The 42 year-old Wilson holds the prestigious Oxford PPE (politics, philosophy and economics), which the Guardian newspaper describes as “the degree that runs Britain”.
He also holds an LLB (with distinction) and a PhD from Wits University, where he has taught for several years and holds the academic title of Visiting Associate Professor.
A leading human rights lawyer with a strong academic streak, few would deny that Wilson is ultimately destined for the Constitutional Court.
October 2022 Interview:
October 2022 Interview Synopses:
October 2022 JSC interview of Adv Stuart David James Wilson for a position on the Gauteng Division of the High Court. Advocate Wilson‘s application was successful
A leading human rights lawyer coming before the JSC is a rare sight to see, and Deputy Chief Justice Mandisa Maya (standing in for Chief Justice Zondo who was off on an overseas junket to Bali, Indonesia) relished the moment.
Maya started off by reading Advocate Stuart Wilson’s impressive CV, reminding him that he omitted to mention that he started and ran SERI – a leading public interest law firm – ultimately asking if he wouldn’t find the job of a judge, where he would be applying Black-letter law tedious? “Tedious is the last word I would use,” Wilson answering, noting that underlying every case is a mesh of social relations that are mediated by the application of law, adding that he enjoyed the dreary case management court – which is a tad unbelievable.
Pleasantries aside, Wilson’s interview’s quickly went into the thick of things. New commissioner Professor Clement Marumoagae pushed Wilson to answer if he subscribes to the notion that amending the Constitution’s property clause to allow expropriation of land without compensation would achieve land reform. Wilson, after explaining that the property clause has both ‘preservative’ parts (which would retain the status quo) and reformative parts, answered that many South Africans want the status quo to change and would support using the reform parts to achieve that change (in sum: the Constitution doesn’t need changing).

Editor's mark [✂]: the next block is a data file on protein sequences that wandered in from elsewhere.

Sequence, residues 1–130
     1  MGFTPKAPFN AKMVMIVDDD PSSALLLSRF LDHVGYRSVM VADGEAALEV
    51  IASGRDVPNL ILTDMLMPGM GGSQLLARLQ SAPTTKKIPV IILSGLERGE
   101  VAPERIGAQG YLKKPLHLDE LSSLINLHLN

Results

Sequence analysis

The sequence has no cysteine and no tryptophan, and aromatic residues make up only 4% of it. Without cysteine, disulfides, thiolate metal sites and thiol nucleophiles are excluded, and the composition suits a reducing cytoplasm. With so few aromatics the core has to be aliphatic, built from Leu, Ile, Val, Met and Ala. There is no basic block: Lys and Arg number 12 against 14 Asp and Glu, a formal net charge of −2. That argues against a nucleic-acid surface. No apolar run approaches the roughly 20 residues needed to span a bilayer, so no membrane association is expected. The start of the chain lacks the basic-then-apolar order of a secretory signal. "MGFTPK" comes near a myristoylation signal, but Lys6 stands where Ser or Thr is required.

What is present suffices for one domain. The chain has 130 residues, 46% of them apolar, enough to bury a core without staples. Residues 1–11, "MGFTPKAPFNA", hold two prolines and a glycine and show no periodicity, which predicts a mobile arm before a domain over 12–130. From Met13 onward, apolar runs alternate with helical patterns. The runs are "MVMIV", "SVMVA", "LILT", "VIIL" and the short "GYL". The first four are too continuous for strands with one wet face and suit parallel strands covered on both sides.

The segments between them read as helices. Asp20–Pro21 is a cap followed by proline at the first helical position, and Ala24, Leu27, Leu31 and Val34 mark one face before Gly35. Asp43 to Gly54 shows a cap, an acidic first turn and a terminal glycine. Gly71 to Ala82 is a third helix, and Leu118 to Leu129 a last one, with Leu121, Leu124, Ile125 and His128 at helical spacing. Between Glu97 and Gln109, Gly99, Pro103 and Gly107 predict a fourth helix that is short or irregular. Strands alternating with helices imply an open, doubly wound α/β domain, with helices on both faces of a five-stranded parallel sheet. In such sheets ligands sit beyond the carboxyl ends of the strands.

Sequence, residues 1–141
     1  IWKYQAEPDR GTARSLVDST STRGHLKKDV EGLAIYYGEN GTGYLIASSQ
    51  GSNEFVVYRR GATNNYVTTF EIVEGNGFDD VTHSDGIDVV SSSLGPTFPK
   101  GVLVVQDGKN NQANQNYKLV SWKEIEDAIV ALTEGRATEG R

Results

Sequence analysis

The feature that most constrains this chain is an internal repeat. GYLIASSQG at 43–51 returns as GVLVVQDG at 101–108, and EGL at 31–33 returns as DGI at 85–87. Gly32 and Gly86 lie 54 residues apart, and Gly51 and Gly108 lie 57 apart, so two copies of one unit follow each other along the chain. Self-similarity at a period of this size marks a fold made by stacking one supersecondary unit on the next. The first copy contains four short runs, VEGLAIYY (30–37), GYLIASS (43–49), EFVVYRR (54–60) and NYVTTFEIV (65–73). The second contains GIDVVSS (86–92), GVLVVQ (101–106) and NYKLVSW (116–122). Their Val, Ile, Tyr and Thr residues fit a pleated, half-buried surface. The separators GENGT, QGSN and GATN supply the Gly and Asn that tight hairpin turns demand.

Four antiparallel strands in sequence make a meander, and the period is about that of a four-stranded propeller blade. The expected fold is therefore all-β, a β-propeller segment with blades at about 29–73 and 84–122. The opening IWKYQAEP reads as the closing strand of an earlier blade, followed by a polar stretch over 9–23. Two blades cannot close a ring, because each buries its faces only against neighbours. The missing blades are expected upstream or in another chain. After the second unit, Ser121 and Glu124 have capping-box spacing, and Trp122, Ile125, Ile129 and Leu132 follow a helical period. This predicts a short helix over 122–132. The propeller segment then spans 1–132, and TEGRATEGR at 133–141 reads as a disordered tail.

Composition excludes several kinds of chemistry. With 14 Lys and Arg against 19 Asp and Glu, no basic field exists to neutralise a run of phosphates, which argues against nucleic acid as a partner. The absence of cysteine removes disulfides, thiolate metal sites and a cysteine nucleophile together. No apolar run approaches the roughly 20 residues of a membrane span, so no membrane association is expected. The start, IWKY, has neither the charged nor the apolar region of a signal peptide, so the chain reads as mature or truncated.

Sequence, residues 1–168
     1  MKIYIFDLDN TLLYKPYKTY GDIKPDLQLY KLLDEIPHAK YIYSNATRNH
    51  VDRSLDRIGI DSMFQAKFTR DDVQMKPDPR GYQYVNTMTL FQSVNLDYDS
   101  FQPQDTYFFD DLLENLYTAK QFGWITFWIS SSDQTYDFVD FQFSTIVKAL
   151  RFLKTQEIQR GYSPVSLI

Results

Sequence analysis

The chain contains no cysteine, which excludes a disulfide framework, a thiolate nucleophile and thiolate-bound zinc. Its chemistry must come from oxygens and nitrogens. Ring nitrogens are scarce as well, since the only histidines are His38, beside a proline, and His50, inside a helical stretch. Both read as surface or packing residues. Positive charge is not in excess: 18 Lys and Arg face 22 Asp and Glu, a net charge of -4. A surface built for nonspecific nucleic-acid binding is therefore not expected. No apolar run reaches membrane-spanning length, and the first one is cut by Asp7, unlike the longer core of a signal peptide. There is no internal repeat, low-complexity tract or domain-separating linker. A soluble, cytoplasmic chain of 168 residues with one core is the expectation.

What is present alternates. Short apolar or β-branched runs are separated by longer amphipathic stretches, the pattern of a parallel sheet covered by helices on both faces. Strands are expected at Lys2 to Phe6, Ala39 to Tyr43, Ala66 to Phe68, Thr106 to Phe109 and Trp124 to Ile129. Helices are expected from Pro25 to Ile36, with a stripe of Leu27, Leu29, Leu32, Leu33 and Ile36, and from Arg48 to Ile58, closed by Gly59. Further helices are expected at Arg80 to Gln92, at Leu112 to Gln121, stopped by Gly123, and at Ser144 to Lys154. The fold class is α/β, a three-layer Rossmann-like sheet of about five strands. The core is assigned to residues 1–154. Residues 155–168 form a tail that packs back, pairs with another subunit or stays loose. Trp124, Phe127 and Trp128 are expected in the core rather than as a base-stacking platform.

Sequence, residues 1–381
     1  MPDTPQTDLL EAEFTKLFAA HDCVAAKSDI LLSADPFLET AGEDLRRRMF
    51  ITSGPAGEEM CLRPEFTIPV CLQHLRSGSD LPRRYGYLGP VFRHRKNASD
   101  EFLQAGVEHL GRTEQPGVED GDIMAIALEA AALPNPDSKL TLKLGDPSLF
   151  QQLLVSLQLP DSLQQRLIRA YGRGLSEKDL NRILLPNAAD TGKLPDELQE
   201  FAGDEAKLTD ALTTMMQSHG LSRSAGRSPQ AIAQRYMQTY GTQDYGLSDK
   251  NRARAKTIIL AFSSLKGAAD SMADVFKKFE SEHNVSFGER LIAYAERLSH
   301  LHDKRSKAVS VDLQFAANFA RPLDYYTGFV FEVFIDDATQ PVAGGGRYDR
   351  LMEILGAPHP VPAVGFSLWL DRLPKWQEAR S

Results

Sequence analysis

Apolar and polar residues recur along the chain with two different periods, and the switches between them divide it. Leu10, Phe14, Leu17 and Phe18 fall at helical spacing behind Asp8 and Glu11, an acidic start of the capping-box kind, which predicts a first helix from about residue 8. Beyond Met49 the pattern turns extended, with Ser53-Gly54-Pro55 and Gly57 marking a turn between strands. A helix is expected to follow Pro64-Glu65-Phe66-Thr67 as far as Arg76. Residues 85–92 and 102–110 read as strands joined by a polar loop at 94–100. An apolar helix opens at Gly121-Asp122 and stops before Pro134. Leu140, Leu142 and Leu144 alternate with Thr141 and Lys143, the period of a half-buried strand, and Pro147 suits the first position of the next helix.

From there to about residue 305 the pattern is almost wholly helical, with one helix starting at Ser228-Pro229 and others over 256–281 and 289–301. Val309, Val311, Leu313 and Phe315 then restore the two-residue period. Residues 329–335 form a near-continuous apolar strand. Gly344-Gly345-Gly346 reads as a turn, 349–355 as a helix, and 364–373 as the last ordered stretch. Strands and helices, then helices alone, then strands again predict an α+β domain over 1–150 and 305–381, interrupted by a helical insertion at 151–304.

A visibly grumpy Labour Court Judge President Basheer Waglay noted that Wilson is “passionate” about housing and property law, “and it’s impressive because it does so much for so many,” …but that, “wouldn’t being a high court judge dim that passion… wouldn’t you grow despondent?”.
“I have not had an uninteresting week in the high court,” Wilson replied, adding “…even in the so-called mundane cases there’s a complex set of social relationships which give one an opportunity to apply constitutional values”.
Then came a bizarre but unsurprising question, considering Wilson’s strong British accent. “If I put to you that you are faithful to the Republic of South Africa and to King Charles III, what would you say?” barked Commissioner Thami Dodovu; to which Wilson replied, dryly, “I don’t see my British citizenship as an obstacle to my capacity to perform in terms of my judicial oath in South Africa,”.
Many regard Wilson’s interview as the gold standard of all JSC interviews, and rightly so. Although treated with a tinge of unfairness, it was overall a dignified affair, with a fair chunk devoted to intellectual rigour.
Advocate Stuart Wilson was recommended for appointment as a judge of the Gauteng High Court.